The Detroit Pistons’ practice facility in New Center was filled with new faces on Monday.
Their rookies, Ausar Thompson and Marcus Sasser, scrimmaged and participated in drills with most of the rest of their summer league roster, under the watchful eyes of the new coaching staff — including Monty Williams and assistants Stephen Silas and Jarrett Jack.
There were some familiar faces in the gym as well, as James Wiseman and Jalen Duren will join the team in Vegas and also practiced on Monday. Isaiah Stewart and Cade Cunningham were spotted in the back taking part in a shooting drill.
But overall, it felt like the first day of school.
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The Pistons are in the midst of preparing for Las Vegas summer league, the 10-day odyssey that begins Friday. It’ll be an important week-plus as the team acclimates to a new staff, new playbook and new teammates.
“It’s been fun,” Jack, a 13-year NBA veteran who will lead the summer lead squad, said. “This young group, young talented and athletic group, just get here and get familiar with him, watch them play, implement some of the things we’re going to be adding going forward and watching them soak it all up. It’s been a fun process.”
Much of the focus in Las Vegas will be on the Pistons’ 2023 draft picks, Thompson and Sasser. Life has slowed down for both since the team selected Thompson fifth overall, and then traded into the back of the first round to take Sasser with the 25th pick.
Both are facing unique adjustments to the NBA. Thompson is coming from Overtime Elite — an Atlanta-based professional league for prospects between the ages of 16 and 20. He and his twin brother, fourth overall pick Amen, dominated. But Ausar is adapting to a new role and new expectations in the NBA.
Thompson’s defense and athleticism propelled him toward the top of Detroit’s draft board, and the former is something the new coaching staff is keying on with him. Thompson said Williams has been pulling him aside after practices with advice and criticism. The team believes Thompson has the skills to be one of the league’s best defensive wings, and his education starts now.
“People are more athletic, stronger, smarter, especially the little guards we’ve got here,” Thompson said. “At the end of the day, basketball is basketball. I’m learning a lot, every day I’m here I’m learning more and more. Better than I was my first day, better than I was my second day.”
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Thompson is a longtime admirer of Jack, who played for the Golden State Warriors from 2012-13. Thompson, a Bay Area native, said he used to play as Jack on NBA 2K. Jack is becoming a fan of Thompson’s game as well.
“I think Ausar has the potential to be one of the best young two-way players in this league, and Marcus, lightning-quick, really can help our pace change end to end and he’s a guy that can manufacture offense on his own,” Jack said. “Both of them play at a pretty good pace. There will be some bumps in the road, of course, but that’s part of the process of them reaching their potential.”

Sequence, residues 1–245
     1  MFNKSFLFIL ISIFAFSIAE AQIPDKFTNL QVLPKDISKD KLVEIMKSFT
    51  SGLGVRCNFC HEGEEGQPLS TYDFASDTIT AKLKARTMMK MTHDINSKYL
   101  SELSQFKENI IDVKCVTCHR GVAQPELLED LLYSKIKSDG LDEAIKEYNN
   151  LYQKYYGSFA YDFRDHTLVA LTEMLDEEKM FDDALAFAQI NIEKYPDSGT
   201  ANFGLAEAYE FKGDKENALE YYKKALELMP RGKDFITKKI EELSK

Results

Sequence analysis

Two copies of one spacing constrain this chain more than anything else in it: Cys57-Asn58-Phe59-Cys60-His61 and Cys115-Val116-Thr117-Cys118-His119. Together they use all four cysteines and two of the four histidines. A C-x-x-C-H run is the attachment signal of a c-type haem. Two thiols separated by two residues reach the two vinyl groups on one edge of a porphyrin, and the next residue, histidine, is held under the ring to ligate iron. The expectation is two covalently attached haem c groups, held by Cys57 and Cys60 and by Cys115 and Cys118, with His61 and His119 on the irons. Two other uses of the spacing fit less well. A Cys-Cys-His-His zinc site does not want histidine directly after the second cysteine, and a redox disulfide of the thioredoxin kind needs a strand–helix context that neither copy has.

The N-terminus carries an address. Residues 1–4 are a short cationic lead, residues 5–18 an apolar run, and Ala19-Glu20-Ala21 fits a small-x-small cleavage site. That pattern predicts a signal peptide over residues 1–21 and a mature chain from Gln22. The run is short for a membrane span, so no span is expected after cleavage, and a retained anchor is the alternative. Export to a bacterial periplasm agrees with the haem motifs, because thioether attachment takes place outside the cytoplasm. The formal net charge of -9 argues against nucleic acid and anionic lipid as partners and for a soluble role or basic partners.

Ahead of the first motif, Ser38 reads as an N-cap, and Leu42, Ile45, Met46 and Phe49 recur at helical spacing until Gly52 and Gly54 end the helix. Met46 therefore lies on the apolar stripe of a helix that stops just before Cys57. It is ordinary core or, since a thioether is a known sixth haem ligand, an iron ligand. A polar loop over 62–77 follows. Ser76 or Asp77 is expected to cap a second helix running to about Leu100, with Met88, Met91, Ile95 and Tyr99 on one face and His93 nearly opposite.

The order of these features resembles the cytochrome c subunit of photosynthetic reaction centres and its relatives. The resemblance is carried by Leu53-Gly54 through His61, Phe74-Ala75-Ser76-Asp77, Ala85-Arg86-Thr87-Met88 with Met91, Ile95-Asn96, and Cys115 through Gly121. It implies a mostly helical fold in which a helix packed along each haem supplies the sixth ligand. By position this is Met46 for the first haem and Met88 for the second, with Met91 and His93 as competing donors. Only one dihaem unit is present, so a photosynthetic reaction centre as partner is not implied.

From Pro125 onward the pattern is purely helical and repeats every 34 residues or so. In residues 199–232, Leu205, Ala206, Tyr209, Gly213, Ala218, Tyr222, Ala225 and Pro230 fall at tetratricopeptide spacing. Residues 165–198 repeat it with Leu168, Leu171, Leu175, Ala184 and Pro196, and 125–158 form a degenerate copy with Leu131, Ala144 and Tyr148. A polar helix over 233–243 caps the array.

As a four-year point guard at Houston, Sasser is adding big-game experience as a rookie. He was a starter for a Cougars team that made deep tournament runs during his last three seasons — a Final Four in 2020-21, Elite Eight in 2021-22 and Sweet 16 last season. Sasser initially tested the draft waters after his junior season, but decided to return as a senior to make a run at the national championship and improve his draft stock.
Sasser acknowledged that the IQ level of the NBA feels higher compared to college. But otherwise, he feels like he fits right in.
“I think it was the best thing for me,” Sasser said of returning for his senior season. “I felt more prepared when I got here. It was an adjustment, but not as big of an adjustment as I thought it was just because of the four years I spent in college. I just feel like my body developed, just my IQ. I’ve seen a lot of things on the floor. It’s not a lot to learn, but it’s a little to learn.”
Summer league will be the first real taste of NBA basketball for both rookies. They’ll be guided by a head coach in Jack who understands the rigors of the NBA, and will also be able to lean on their teammates. Jaden Ivey and Isaiah Livers will also play in summer league, along with Wiseman and Duren.
Jack said he’s trying to instill a “we” mentality in Vegas, and the expectation is the lessons learned in summer league will prepare the team for success this fall.
“When you’re at the ground floor and you’re starting and you’re going through the bumps and bruises together, when you do reach a certain ceiling or attain some goals it’s a very fulfilling feeling,” Jack said. “But you don’t forget those times. When I came into the NBA, I got drafted to the youngest team in the league. We had some bumps and bruises for sure, but that helped me get to the point now where I’m able to grab somebody who may have been in a similar situation early on in their career and show them that things are possible and that positive things can be on the horizon if you come in here and work and band together.”
Contact Omari Sankofa II at firstname.lastname@example.org. Follow him on Twitter @omarisankofa.